Steve Mathonnet-VanderWell’s essay, “Reformed Intramurals: What Neo-Calvinists Get Wrong” (February 2008), touched on some important challenges for neo-Calvinists today. His concluding story about the great theatre deftly highlights these challenges; yet the story he tells is incomplete. The drama needs another act.
His story is of a great theatre, unparalleled in its beauty and design. But something happened to knock it off kilter. Every performance on the stage, indeed, every performer on it, was affected by the damage that was done. In spite of various efforts to set the theatre to rights, none succeeded. And then came a new repairman.
So far, so good. The first act of Creation, the second act of the Fall…the drama builds, awaiting the act of Redemption. Much to the supposed chagrin of neo-Calvinists, among others, the repairman isn’t particularly dramatic in his work and doesn’t carry out any large-scale repairs. He does some small works, however, which “had monumental repercussions throughout the theatre, the troupe and the productions they staged.” Stories arose about the wonder-working of “The Fixer,” but some insightfully suggested that perhaps he wasn’t a repairman but rather was “the consummate artist, whose performance in that theatre had been so beautiful, so complete, so graceful, it had somehow righted the entire theatre. He hadn’t so much made a repair, as he had been the star, although so few had caught his performance.” Mathonnet-VanderWell concludes the story and the article by saying: “Why there was even a handful who surmised that the whole grand theatre had in fact been made precisely to be the stage on which this unsurpassable artist would perform.”
A beautiful third act–Redemption. Surely the whole enterprise of Creation-Fall-Redemption isn’t about the theatre of Creation, but rather about the God who creates and redeems, and specifically about the “consummate artist” whose performance “righted the entire theatre.” In this dramatic parable, the truth that the story isn’t about fixing the Creation but is about the Star of the show is clear. As good as Kuyperian neo-Calvinist intentions are to transform this world into the Kingdom of our Lord and of His Christ, the real story isn’t about all of our work to transform the world at all. It’s about the Christ. It’s about the one who came and by his performance–living and teaching and touching and suffering and dying and rising and ascending–reconciled the Creation with the Creator. A beautiful story, well told. But something remains.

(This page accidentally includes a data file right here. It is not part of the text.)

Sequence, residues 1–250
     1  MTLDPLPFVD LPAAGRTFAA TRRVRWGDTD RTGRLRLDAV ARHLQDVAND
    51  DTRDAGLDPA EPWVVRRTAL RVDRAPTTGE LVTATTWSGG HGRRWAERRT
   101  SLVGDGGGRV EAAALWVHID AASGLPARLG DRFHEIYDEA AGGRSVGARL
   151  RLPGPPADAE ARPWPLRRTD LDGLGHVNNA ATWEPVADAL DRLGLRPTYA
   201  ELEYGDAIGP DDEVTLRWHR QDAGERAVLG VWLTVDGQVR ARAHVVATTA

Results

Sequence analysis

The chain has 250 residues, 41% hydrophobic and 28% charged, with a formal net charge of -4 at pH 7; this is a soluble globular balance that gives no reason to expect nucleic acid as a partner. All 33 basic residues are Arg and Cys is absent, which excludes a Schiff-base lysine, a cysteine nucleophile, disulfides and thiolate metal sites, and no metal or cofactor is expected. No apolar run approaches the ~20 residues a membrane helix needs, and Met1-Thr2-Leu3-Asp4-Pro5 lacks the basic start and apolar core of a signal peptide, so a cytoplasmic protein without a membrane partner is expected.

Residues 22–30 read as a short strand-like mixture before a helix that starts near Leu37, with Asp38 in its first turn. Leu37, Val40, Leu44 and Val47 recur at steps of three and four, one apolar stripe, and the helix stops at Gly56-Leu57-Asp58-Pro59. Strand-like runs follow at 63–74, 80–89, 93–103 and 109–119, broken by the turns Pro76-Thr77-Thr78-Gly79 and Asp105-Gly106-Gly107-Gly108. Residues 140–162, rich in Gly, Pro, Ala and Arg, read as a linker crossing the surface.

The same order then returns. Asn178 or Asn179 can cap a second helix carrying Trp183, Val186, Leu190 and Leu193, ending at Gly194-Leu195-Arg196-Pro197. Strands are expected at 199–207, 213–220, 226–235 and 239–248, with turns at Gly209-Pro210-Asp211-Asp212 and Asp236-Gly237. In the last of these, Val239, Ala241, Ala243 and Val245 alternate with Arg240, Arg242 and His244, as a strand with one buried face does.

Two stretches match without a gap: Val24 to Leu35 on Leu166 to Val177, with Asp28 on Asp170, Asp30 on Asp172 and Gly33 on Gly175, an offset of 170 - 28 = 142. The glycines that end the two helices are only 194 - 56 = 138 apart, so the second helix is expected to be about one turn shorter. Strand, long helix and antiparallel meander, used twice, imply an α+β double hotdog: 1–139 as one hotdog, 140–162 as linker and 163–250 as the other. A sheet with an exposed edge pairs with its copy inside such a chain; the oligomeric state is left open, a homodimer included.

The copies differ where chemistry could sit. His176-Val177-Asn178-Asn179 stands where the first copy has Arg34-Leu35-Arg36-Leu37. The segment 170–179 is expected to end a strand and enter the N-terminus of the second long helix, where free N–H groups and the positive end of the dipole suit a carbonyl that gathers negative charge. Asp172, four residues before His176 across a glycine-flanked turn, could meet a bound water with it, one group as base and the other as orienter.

There’s another act, an act that is dear to the hearts of many neo-Calvinists, the act of Consummation. I have personally been enriched by and preached some of the insightful commentary of Richard Mouw on Isaiah and Revelation and the New Jerusalem. The vision of this world being transformed, renewed, and restored is a grand and exciting vision. The highest aspirations of culture, stripped of their sinful taints and malicious purposes, enjoyed by all the inhabitants of the New Jerusalem and the New Earth. Enjoying Baryshnikov and borscht without oppression and revolution, Riesling and lager without tariffs and drunkenness, Ferraris and frescoes without pollution and pride–now that’s a final act that neo-Calvinists can get excited about. But before we tell the fourth act the way we want it to be performed, let’s go back to Mathonnet-VanderWell’s great theatre, and to the inspired script, to see what comes next.
One day, the one whom some know as “The Fixer,” but whom others know as the Consummate Artist, returns to the great theatre. At his return, there is great excitement, for the whole great theatre burns to the ground, and no one is able to put out the f lames. While many weep at the loss, others begin to sing for joy for the Artist goes to work in the still smoldering ashes. From all of the materials, from all of the performances of the troupe, from all of the repairs and patches of the repairmen who had gone before, the Artist fashions a new theatre and a new stage. It is a replica, a restoration of the great theatre–but no, it is more. It is more glorious, more beautiful, more stunning than anyone could have ever imagined. It would take an eternity to fully appreciate its glory.
But the great theatre, though glorious, is only a stage for the Artist’s performance. All of its beauty serves only as a setting to reflect the far greater glory of the Artist. In fact, as beautiful as the theatre is, no one gives the theatre much thought because they are so enthralled–heart, soul, mind, and strength–by the Artist. Though the great theatre has astonishingly beautiful crystal chandeliers and the highest technology in stage lighting, they don’t actually give off any light, they reflect it, for the Artist himself is the Light. Though the troupe will perform forever and ever with the Consummate Artist, the glory and the honor and the power and the praise belong to the Artist, and to Him alone, for all eternity. As beautiful as the New Great Theatre is, it is merely the stage for the Consummate Artist, whose glory gives light and life to all.